Monthly Archives: March 2009

NimBUS and Regular Expressions

I recently had to configure NimBUS to send alarm upon detecting a specific log entry in /var/log/messages on a Linux system. Because this alarm was supposed to be sent by SMS , I didn’t want it to send more than one message. But since our log file has a timestamp, each entry were we found a match would be handled as a unique alarm, thus sending one message for each log entry where the mach was found.

If the string we were looking for first would appear, it would most likely show up somewhere between 5 to 50 times within an hour.It’s hard to guess, really. But we are looking for a problem that won’t solve itself, and the program checking for this problem will continue to write to the log file upon each encounter with the problem.

The way to solve this kind of problem, where we want to ignore the timestamp, is to understand how NimBUS handle incoming alarms. If it receives the same message two or more times, it would just upper the count, instead of creating a new entry in the alarm window.

Lets say our log file looks like this:

Mar 14 14:55:35 ErrorCheck: Oh noes, error detected in A51
Mar 14 14:57:32 ErrorCheck: Oh noes, error detected in A51

We only want to get one alarm, but with a count of two (actually one), not two alarms which is identical except for the timestamp. First, set up logmon to detect the correct line in the log file using regular expressions. The logmon probe supports both pattern recognition and regular expressions, so make sure to use the right one. Regex starts and end with a forward slash, otherwise it assumes pattern is used.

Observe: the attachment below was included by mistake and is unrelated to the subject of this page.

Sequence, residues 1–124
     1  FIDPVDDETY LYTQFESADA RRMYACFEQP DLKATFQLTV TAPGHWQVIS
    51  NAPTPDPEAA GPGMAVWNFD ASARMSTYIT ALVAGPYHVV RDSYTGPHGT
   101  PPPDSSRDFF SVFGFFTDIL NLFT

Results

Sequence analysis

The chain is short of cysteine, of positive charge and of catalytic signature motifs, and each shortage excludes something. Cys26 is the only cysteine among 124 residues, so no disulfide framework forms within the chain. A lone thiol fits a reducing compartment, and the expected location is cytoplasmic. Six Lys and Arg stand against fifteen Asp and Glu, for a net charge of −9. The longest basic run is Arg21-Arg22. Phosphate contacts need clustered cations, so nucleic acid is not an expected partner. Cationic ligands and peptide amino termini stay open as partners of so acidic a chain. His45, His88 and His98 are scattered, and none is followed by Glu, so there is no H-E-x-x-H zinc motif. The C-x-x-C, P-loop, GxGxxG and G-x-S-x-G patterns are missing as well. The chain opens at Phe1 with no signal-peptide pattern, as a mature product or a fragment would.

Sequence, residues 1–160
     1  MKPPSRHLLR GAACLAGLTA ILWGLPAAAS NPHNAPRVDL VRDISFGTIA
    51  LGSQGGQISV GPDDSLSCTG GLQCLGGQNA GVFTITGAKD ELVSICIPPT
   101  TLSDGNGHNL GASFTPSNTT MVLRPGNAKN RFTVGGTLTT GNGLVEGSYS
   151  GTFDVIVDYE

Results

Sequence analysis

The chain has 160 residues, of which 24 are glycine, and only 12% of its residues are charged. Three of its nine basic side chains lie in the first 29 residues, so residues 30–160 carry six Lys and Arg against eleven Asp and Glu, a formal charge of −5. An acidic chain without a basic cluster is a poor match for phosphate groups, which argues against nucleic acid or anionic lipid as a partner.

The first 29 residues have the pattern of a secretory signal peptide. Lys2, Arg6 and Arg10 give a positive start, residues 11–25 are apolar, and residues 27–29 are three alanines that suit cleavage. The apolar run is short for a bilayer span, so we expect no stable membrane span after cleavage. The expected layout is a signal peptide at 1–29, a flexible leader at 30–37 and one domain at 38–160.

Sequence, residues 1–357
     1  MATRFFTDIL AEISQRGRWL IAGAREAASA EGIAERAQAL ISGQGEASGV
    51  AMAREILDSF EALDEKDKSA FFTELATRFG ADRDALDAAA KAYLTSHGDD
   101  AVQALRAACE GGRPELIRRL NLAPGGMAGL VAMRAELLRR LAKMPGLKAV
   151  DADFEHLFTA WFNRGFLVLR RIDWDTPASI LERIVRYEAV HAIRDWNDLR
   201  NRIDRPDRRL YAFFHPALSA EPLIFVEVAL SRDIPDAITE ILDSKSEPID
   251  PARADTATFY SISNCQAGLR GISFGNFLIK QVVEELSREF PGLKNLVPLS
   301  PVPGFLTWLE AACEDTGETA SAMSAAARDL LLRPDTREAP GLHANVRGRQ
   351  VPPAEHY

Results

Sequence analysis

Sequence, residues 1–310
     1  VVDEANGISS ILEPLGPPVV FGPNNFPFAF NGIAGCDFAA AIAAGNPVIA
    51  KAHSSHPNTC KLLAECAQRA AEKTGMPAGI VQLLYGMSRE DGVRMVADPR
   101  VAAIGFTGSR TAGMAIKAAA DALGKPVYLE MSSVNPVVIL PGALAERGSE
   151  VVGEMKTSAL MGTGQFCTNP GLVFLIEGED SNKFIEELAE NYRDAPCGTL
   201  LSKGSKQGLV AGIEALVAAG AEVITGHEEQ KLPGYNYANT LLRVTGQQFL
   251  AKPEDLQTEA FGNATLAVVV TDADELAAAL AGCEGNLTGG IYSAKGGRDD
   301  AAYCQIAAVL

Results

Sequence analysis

In this case we can use the following simple regex:


Of course my regex where more advanced since I had to detect other parameters as well, since the output of our program also had to be checked.

Now, with this regex in place, we are at the point where every entry will be treated uniquely. But logmon also give you the possibility to construct your own message, and to define variables. And that is what we have to do.

We can construct variables both by row or column number. Since this is a single line, we will use the column offset. So, let us create the variables:

prog = column number 4
error = column number 10

This is only a simplified view. The logmon probe has a user interface for this. Right click, add new variable (or something like that).

When this is done, add your own message text in the field saying so:

$prog: Error detected in $error

When this is set as the outbound message, NimBUS will count it instead of creating a new entry in the alarm view each time, since the message now is identical. If the error code changes, a new alarm will be sent.

Short version:

Create your own output message when using NimBUS logmon probe on a log file which has a timestamp.

(This short version was a lot better and could have saved me some time)

Når skal bransjen våkne?

This is in Norwegian, sorry…. publiserte i dag artikkelen “Annenhver så filmen i opptak“, og handler om hvordan PVR-dekodere, Personal Video Recorder, griper om seg. Som eksempel viser dem til nyinnspillingen av filmen “Planet of The Apes”, hvor 47 prosent av seerne så den i opptak.

Jeg skal ikke gjengi alt her, ettersom det naturligvis er best å lese artikkelen i sin fulle helhet på, men jeg ønsker å sitere min egen kommentar på artikkelen her:

Ut fra disse tallene bør jo bransjen snart innse at folk ønsker å se hva det vil, når det vil.

Ren spekulasjon; Men jeg vil tippe at flesteparten av TV-seriene som blir lastet ned her i Norge er serier som ikke sendes på norsk TV når den slippes i orginallandet, og når den først dukker opp så er det på et klokkeslett som ikke passer folk flest.

RiksTV er ikke et digitalt fremskritt. Jeg venter fremdeles på dagen når man kan sette sammen TV-tilbudet selv. Kanal for kanal, eller enda bedre, program for program.

Med PVR-dekoder er man et lite stykke på vei, men man må fremdeles betale for alt man ikke er interessert i å se.